New Android malware breaches over a million Google accounts
Researchers at cyber security company Check Point have uncovered a new malware variant that has breached more than a million accounts and is infecting over 13,000 Android devices a day.
Called Gooligan, the malware roots Android devices and steals email addresses and authentication tokens stored on them. With this information, attackers are able to access users' sensitive data from Gmail, Google Photos, Google Docs, Google Play, and G Suite.
It also generates revenue for the criminals by fraudulently installing apps from Google Play and rating them on behalf of the victim. Gooligan is installing 30,000 apps daily on breached devices, accounting for over 2 million apps since the campaign began.
"This theft of over a million Google account details is very alarming and represents the next stage of cyber attacks," says Michael Shaulov, Check Point's head of mobile products. “We are seeing a shift in the strategy of hackers, who are now targeting mobile devices in order to obtain the sensitive information that is stored on them".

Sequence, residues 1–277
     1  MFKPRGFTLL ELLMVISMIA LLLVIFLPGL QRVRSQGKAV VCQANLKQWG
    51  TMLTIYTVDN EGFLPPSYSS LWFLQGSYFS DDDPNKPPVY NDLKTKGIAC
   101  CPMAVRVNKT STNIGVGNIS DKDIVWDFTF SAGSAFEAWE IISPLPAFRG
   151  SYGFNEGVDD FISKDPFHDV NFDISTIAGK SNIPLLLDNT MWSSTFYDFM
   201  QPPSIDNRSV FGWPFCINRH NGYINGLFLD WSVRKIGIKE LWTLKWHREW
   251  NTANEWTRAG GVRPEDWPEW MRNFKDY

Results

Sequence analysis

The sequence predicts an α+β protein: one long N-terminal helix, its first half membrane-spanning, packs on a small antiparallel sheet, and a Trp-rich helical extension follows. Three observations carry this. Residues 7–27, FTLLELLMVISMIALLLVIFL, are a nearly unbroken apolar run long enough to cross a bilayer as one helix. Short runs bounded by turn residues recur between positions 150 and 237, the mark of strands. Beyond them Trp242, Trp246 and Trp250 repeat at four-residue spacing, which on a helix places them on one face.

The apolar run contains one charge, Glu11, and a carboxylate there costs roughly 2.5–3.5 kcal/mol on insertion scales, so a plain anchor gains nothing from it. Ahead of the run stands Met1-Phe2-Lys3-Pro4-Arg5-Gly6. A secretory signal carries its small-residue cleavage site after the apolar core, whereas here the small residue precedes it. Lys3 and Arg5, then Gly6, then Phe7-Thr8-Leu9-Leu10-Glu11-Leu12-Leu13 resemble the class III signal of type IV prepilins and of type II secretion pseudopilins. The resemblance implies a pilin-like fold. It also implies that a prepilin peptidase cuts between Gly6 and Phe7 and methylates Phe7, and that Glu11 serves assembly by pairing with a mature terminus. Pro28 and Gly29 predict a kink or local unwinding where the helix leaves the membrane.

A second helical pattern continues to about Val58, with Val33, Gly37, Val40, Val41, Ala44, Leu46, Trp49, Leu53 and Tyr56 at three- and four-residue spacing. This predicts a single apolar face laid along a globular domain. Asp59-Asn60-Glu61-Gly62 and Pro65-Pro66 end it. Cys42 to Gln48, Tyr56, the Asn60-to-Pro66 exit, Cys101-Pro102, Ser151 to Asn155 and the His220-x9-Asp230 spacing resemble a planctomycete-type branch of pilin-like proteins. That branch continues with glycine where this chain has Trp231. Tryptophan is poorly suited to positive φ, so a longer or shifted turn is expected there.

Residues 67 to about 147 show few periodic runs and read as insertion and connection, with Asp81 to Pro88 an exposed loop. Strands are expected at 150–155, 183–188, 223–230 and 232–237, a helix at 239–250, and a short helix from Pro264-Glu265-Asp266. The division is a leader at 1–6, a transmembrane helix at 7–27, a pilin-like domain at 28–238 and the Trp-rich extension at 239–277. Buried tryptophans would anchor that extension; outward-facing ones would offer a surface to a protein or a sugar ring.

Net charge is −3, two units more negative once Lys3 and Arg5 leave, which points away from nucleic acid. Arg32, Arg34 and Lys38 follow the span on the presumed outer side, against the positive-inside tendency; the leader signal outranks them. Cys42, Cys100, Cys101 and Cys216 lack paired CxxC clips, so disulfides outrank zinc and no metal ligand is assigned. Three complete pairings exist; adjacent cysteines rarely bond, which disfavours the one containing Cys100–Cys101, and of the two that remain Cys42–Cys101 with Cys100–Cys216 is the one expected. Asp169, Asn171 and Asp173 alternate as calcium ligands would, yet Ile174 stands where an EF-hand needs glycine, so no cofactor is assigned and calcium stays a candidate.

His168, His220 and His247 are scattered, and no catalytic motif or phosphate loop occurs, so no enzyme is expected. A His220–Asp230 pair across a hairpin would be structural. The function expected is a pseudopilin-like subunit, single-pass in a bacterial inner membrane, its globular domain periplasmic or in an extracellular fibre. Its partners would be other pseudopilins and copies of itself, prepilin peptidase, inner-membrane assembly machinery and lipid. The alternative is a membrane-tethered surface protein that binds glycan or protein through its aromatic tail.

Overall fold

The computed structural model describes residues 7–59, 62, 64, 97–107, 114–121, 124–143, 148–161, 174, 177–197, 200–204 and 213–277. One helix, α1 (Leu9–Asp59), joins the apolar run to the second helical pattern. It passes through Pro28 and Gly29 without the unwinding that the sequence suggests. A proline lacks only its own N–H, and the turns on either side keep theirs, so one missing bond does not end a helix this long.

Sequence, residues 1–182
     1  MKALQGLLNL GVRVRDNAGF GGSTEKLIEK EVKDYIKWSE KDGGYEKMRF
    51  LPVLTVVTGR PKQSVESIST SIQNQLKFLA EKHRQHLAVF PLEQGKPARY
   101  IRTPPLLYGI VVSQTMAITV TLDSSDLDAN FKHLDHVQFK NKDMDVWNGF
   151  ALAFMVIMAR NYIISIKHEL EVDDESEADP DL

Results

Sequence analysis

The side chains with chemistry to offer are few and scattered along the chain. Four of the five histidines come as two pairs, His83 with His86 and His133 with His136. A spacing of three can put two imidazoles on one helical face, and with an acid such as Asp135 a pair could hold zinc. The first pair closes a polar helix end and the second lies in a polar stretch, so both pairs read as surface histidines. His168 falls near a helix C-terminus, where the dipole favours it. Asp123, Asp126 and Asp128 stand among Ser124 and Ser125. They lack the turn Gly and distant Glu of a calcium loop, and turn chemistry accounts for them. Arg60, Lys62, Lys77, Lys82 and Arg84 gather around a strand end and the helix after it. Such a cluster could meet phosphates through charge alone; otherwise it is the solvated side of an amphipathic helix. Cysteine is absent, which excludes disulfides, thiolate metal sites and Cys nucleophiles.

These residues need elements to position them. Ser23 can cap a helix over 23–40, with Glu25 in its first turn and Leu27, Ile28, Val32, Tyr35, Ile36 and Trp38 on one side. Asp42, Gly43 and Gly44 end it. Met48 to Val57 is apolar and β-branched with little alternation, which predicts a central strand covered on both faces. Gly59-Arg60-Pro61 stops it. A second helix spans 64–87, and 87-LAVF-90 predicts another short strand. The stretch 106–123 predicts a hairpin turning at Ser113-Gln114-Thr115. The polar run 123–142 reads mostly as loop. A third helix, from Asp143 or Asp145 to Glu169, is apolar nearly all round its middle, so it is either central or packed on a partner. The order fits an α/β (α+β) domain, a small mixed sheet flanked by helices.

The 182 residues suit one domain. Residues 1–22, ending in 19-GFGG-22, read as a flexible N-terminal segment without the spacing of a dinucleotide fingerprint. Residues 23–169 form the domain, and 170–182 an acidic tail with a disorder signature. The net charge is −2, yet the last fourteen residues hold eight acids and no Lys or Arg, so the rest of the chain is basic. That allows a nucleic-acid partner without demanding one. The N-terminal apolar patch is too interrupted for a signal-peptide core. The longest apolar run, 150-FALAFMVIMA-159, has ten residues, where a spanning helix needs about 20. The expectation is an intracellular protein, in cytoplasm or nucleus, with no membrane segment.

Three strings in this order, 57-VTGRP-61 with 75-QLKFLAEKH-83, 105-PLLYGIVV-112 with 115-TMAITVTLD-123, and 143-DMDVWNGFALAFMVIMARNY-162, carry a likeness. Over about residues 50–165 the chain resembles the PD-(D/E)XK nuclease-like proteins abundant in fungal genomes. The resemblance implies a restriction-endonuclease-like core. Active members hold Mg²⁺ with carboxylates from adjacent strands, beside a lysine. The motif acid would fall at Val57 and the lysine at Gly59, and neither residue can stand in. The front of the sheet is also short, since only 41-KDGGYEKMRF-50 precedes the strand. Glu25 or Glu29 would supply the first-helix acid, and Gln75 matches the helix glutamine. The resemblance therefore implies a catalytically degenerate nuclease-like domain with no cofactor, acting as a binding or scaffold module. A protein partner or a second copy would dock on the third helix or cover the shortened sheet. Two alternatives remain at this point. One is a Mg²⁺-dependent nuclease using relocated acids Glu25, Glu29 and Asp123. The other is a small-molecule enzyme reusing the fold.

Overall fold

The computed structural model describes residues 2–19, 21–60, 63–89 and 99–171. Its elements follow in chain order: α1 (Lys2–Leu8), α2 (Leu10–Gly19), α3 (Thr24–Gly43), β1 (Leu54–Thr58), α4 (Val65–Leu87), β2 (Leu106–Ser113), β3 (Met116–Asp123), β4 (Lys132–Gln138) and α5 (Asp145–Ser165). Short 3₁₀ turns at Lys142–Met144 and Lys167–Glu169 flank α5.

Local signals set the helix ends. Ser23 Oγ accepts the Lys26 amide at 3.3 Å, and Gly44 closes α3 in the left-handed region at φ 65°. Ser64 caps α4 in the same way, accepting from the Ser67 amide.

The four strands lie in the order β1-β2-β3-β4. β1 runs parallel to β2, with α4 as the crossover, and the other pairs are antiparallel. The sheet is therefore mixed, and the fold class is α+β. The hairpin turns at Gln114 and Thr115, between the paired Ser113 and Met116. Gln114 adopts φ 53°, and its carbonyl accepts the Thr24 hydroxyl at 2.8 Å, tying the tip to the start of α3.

Gooligan, part of the Ghost Push malware family, targets devices running Android 4 (Jelly Bean, KitKat) and 5 (Lollipop), which together represent almost 74 percent of Android devices currently in use.
In response to Check Point's findings, Google has contacted affected users and revoked their tokens, removed apps associated with the Ghost Push family from Google Play, and added new protections to its Verify Apps technology.
Check Point has launched a free online tool that can be used to check if your device has been breached. If you are unlucky enough to have been affected the company recommends performing a clean install of the device’s operating system.